The beta spouse was whining.
“Your dinners are boring,” he complained. “Why can’t you make new things?”
In my tender 20s, his rant just made me cry. Today, I would have set him straight.
“You know, bub,” I wish I’d said, “you can cook, too.”
Yet I must admit … Mr. Beta spoke the truth: Dinner possibilities are finite.
Techniques, however, can make them seem endless.
Like last night. A thawed chicken promised choruses of “chicken again?” So I cracked open David Lebovitz’s “My Paris Kitchen,” a lovely Christmas gift from Husband 2.0. After spending the holidays reading Lebovitz’s charming recipes and stories of living in France, I was itching to cook something from the book. Plus, a tribute to Paris seemed in order, even if it was a small offering from my Maryland kitchen. (Je Suis Charlie.)
“What’s for dinner?” the little boy asked as I quartered a chicken.
“Chicken!” I said.
He rolled his eyes, then helped me slather Dijon mustard on the poultry pieces. He browned bacon in a pan while I diced an onion and picked fresh thyme leaves. Together, we browned the cut-up chicken and deglazed the pan’s (very) dark bottom with a healthy glug of vermouth.
Served on a bed of asparagus and alongside crispy frites (thank you, David), the chicken was deeply delicious — almost caramel-like in its mustard- and sour cream-laden sauce.
“Oh, yum!” Husband 2.0 exclaimed. “What is this?”
“Poulet,” I said, grabbing onto one of the few French words I know. “Poulet in a pot!”
Everyone ate dinner.
And no one whined.
Chicken with Mustard, or Poulet a la Moutarde (“My Paris Kitchen”)
David Lebovitz’s original recipe calls for a combination of drum sticks and thighs and a healthy dollop of creme fraiche. I only had a 2 1/2-pound chicken and sour cream. No matter … the recipe still worked, and dinner was delicious!
- 1/2 cup plus 3 tablespoons Dijon mustard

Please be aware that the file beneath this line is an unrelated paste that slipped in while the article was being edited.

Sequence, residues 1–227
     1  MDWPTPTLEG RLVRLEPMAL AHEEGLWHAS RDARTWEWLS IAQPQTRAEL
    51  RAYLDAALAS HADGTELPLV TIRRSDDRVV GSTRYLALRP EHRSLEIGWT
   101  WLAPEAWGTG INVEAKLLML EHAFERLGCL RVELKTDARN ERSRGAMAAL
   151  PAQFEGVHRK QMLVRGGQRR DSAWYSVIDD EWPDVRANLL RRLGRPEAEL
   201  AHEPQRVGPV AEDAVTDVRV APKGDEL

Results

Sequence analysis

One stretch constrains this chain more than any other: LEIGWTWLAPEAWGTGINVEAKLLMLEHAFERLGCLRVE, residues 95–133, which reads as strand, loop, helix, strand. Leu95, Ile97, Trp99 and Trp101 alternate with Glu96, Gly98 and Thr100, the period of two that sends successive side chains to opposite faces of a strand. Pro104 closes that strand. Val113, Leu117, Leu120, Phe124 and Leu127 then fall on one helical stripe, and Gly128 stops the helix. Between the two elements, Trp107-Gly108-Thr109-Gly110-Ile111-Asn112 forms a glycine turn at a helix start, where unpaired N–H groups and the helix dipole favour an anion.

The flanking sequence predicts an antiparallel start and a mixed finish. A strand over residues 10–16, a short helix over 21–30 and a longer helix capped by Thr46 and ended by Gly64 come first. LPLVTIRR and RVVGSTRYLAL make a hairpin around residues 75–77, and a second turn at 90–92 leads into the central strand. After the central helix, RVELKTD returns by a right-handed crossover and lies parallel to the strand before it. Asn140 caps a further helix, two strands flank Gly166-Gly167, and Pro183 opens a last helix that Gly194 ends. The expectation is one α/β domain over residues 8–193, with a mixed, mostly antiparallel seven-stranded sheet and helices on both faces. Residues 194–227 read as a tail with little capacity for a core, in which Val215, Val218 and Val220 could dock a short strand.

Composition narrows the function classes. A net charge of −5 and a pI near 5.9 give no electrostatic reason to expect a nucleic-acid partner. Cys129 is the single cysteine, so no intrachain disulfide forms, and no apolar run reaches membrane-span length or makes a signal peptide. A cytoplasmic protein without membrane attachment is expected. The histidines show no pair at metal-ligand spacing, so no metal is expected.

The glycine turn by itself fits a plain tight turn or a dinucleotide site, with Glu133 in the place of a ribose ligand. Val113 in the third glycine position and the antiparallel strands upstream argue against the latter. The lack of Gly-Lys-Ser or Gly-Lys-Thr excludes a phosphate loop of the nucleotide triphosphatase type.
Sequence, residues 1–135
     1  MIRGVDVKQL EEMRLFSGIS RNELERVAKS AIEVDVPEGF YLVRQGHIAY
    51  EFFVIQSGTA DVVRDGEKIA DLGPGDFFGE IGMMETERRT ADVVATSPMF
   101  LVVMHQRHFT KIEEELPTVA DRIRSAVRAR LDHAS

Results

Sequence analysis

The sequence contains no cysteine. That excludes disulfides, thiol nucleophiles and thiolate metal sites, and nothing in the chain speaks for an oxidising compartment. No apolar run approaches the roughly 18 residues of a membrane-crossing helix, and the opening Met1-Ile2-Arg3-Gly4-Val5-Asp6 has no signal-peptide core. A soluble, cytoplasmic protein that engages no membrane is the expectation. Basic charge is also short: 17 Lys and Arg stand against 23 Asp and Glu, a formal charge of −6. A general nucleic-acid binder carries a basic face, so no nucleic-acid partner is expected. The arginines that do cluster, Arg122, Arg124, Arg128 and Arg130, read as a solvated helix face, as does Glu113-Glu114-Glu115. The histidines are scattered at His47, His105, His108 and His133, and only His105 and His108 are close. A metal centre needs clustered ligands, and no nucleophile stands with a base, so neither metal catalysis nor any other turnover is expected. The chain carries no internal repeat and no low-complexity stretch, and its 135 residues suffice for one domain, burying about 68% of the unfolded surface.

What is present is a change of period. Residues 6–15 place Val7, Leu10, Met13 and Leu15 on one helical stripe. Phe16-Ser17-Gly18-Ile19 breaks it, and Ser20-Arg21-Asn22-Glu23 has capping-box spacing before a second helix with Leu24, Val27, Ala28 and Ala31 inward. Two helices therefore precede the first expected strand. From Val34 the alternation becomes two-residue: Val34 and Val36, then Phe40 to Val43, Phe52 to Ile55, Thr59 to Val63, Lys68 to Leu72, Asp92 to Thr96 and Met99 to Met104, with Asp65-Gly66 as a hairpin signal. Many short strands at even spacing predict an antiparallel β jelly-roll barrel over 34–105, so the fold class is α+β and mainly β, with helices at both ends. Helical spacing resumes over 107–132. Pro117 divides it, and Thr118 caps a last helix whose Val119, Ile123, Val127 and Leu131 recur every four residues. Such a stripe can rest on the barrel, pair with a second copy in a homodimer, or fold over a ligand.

- 1/4 teaspoon smoked paprika
- 4 chicken thighs and 4 chicken legs
- 1 cup diced bacon
- 1 small onion, diced
- 1 teaspoon fresh thyme leaves
- 1 cup white wine
- 1 tablespoon grainy mustard
- 2-3 tablespoons creme fraiche
Brown the bacon in a large saute pan over medium-high heat until it just begins to brown. Remove the bacon to a paper towel-lined plate.
Remove all but 1 tablespoon of bacon grease in the pan and add the diced onion. Saute it for about 5 minutes, just until it becomes translucent. Add the thyme and cook for another minute, then scrape the onion and thyme into a large bowl.
If your pan is dry, add olive oil to glaze, then place the chicken — skin-side down — in the pan. Brown well, then turn the chicken over and brown the other side. DO NOT RUSH THIS STEP. You want the skin to be crispy; otherwise, it gets soggy by the time the dish hits the table. Also, you want the bottom of your pan to be quite dark with chicken bits and drips.
Remove the browned chicken to the same bowl as the onions and thyme. Pour the white wine into the pan. Using a wooden spoon, scrape all the darkened bits off the bottom. When this is done, add the chicken, onions and bacon to the pan and cover it with a tight-fitting lid. Adjust the heat to low and cook for 20 minutes, turning the chicken often.
The chicken is done when you can easily pierce it with a fork and the meat is no longer pink. Move it to a platter and take your pan off the heat. Stir in the remaining 3 tablespoons of Dijon, the grainy mustard and the creme fraiche. Pour the sauce over the chicken and serve it immediately.